A first time ever dedicated ornithological survey carried out for a year in the Malabar coast of the country by forest department of Kerala has found that there are 341 species of birds in the region with many endemic to the area.

The survey was headed by C. Sasikumar, the Chief Investigator, and his four research associates, C.K. Vishnudas, S. Raju, P.A. Vinayan and V.A. Shebin. The team spent almost a year during which they covered 4000 km of forest area.

The forest areas studied are the Silent Valley National Park, Mannarkad forest division, Nilambur North and South divisions, the Malabar Wildlife Sanctuary, the Wayanad Wildlife Sanctuary, Aralam Wildlife Sanctuary and their neighboring areas as well as the Reserve Forests of Kasargode district and the wetlands of North Malabar.

22 Globally Threatened Species

Of all the 341 species of birds the surveyors could also identify 22 species that have been listed as globally threatened by the IUCN. Alarmingly, of the 22 threatened species 17 are residents and, of which 9 are specifically endemic to Western Ghat. 15 species of birds are found to be abundant in the region, of which two are migrants, and one endemic. They include Yellow-browed Bulbul, Small Sunbird; Green Leaf-Warbler, Large–billed Leaf-Warbler and the three species of Bulbuls including the Black Bulbul.

15 species were found to be rare with only one sighting for each like the Syke’s Warbler, Indian Grey Hornbill, Jerdon’s Bush Lark and Sirkeer Malkoha.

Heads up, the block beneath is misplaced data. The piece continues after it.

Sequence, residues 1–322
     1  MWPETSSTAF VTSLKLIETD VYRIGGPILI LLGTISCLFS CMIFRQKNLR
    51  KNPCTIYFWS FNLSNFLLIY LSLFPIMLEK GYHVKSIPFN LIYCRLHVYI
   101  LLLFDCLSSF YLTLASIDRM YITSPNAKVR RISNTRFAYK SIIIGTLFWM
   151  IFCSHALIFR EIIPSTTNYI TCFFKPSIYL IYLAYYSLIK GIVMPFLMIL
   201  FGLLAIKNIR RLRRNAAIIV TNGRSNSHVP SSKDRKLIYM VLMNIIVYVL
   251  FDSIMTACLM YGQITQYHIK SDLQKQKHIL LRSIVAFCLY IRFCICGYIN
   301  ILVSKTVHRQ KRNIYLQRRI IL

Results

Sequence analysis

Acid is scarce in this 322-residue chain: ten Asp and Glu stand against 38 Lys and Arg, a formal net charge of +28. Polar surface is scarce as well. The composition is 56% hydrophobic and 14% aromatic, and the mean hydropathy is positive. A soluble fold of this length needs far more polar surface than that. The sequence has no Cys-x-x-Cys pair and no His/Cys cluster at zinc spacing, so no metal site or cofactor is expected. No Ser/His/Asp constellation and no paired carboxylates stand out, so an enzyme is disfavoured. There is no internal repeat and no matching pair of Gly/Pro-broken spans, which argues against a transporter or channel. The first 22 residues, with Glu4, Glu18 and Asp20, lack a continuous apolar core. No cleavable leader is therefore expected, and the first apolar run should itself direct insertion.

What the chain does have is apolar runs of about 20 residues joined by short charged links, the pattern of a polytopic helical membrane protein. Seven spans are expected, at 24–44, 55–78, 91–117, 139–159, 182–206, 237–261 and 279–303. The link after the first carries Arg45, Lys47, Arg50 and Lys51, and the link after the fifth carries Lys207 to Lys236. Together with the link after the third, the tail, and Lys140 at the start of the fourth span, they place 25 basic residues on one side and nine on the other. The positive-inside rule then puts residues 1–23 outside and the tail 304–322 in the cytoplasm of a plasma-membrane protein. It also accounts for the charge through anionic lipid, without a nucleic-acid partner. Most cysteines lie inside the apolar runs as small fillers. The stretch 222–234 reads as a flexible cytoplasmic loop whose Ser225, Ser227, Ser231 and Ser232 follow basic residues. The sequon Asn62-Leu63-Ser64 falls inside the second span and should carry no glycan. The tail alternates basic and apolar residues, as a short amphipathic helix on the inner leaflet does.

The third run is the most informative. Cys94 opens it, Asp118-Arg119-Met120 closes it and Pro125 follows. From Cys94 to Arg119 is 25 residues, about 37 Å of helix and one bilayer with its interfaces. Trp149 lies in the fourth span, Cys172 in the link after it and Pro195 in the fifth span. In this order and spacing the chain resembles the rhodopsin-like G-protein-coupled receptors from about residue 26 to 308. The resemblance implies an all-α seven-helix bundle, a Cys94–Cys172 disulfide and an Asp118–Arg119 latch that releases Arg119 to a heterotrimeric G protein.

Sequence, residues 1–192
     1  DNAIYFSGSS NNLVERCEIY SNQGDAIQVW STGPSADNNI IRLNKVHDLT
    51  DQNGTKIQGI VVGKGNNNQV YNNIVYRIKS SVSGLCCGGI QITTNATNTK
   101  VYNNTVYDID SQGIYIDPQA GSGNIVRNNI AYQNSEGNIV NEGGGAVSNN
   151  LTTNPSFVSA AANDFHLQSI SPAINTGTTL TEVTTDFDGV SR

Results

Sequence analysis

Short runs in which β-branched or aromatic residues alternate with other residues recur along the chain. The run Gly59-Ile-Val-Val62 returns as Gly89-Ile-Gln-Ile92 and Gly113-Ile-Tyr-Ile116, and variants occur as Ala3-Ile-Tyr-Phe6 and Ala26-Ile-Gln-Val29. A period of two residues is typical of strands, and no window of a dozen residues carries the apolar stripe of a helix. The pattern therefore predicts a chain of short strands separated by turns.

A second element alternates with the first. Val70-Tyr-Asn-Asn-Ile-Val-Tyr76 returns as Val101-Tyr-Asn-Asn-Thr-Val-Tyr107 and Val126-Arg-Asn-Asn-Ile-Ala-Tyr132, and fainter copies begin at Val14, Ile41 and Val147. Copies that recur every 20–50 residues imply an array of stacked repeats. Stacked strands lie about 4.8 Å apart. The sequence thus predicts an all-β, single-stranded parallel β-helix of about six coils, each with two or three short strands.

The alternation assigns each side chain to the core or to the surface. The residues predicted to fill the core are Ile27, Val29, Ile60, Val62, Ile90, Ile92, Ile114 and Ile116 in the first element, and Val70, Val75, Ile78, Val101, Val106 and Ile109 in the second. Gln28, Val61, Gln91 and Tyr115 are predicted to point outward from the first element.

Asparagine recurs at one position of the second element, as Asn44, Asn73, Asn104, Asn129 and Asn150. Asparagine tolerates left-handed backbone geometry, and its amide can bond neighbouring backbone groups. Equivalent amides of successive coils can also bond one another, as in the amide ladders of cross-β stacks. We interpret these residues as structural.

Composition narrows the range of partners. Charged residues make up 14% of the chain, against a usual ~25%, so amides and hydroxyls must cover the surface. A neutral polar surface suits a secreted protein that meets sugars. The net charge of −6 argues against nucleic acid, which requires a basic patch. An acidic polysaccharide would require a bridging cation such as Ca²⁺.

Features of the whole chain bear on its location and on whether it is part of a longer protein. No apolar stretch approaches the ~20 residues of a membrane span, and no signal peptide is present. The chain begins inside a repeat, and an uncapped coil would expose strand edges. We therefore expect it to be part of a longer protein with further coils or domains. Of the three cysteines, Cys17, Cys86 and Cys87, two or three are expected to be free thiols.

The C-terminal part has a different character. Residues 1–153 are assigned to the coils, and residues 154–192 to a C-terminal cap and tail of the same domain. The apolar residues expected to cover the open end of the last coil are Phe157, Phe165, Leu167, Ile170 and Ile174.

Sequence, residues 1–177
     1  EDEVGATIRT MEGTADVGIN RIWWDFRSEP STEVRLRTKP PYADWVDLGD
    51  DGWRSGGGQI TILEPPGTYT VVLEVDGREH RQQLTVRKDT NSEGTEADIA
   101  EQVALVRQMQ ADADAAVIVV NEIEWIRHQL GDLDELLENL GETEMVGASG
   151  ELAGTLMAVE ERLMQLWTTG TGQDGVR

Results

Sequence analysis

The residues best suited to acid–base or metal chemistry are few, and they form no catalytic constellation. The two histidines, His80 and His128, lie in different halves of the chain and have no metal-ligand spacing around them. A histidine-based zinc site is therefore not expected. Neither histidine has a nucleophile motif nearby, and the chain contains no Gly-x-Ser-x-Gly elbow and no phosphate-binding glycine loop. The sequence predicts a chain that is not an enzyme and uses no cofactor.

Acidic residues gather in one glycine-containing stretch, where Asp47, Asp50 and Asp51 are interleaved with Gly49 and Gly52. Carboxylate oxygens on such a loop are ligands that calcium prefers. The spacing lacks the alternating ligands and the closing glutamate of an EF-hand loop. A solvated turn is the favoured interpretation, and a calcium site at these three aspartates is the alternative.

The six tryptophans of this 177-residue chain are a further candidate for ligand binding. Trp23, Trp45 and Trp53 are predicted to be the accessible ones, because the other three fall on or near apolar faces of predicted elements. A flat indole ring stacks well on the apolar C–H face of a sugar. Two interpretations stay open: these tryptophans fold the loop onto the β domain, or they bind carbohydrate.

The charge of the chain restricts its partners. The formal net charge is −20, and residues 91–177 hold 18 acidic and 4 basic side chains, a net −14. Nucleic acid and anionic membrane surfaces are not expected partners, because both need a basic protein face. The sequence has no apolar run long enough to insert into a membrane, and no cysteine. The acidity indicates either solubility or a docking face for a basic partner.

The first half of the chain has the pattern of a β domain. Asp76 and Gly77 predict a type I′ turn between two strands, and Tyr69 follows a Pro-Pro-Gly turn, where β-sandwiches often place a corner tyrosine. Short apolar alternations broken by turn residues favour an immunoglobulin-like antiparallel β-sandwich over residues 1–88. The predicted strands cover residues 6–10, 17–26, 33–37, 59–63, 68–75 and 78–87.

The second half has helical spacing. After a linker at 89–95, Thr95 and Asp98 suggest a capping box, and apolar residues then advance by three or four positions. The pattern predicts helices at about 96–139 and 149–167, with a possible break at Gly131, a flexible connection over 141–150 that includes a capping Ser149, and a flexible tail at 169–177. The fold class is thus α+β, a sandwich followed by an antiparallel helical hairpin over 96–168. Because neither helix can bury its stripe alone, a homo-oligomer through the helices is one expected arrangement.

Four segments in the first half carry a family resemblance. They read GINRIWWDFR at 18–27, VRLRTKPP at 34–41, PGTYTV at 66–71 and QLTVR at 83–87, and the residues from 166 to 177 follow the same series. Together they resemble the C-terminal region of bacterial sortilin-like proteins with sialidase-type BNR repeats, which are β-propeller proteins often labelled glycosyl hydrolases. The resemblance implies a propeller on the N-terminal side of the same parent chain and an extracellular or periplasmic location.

The 341 species of birds surveyed comes to 73.27 per cent of all bird species so far recorded from Kerala. The survey could successfully estimate the density of 48 species of birds. They found Yellow-browed Bulbul to have the highest density.

The two critically endangered vulture species, the White-backed vulture and Red-headed vulture, were also sighted in Wayanad Wildlife Sanctuary, the only region in Kerala that supports these vulture species

This comprehensive survey gives information of many birds species in detail and the researchers hope the exercise becomes a benchmark for others to follow all over India.

Images of the birds recorded during the Malabar Ornithological survey conducted by the Kerala forest department. Photos: C.K. Vishnudas and E.M. Manoj

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Reference: thehindu



About Atula Gupta

Atula Gupta is the Founder and Editor of indiasendangered.com. Her work has appeared in a number of international websites, dailies and magazines including The Wire, Deccan Herald, New Indian Express, Down to Earth and Heritage India on issues related to environment and its conservation. She is also the author of Environment Science Essentials, a set of books for school children. She hopes this website provides a platform for people to be aware about species in the verge of extinction and heighten their conservation efforts.

2 thoughts on “Researchers Find 341 Species of Birds in Kerala

  1. “15 species were found to be rare with only one sighting for each like the Syke’s Warbler, Indian Grey Hornbill, Jerdon’s Bush Lark and Sirkeer Malkoha”

    Are you sure Indian Grey Hornbill is rare? I sighted many times. Jus want to confirm.

    1. Hi Pradeep, thank you for your comment and query. The Indian Grey Hornbill is indeed a common Indian bird. But this research refers to it as rare, because the researchers were not able to sight more than one of this species in Kerala during the period of study. Rare here is not the status of the bird in general but it’s rare sighting in Kerala during that period. Hope this helps. 🙂

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